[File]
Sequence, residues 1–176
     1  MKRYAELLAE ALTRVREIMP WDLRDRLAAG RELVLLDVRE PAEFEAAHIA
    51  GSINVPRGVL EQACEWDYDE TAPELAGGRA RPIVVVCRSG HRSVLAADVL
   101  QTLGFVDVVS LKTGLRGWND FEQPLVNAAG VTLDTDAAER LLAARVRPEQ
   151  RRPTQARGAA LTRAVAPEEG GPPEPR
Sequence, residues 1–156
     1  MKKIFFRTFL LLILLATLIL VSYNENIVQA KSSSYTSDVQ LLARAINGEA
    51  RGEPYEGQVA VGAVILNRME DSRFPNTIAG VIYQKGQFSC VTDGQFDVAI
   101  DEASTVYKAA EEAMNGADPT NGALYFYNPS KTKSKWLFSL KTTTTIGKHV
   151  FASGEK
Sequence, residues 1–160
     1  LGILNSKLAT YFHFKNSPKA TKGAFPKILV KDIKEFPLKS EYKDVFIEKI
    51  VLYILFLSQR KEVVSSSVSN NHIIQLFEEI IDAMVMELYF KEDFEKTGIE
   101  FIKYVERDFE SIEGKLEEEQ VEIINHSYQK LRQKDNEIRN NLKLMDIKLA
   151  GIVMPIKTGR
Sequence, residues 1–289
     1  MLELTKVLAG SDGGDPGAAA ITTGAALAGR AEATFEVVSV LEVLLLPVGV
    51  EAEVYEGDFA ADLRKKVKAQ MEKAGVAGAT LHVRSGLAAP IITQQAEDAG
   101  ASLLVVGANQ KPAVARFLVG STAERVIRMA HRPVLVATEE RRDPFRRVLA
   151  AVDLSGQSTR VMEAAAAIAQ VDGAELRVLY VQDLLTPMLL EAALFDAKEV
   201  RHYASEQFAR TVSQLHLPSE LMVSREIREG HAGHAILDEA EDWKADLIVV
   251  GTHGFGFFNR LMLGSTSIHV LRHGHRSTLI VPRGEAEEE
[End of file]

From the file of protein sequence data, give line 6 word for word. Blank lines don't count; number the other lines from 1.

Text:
Sequence, residues 1–156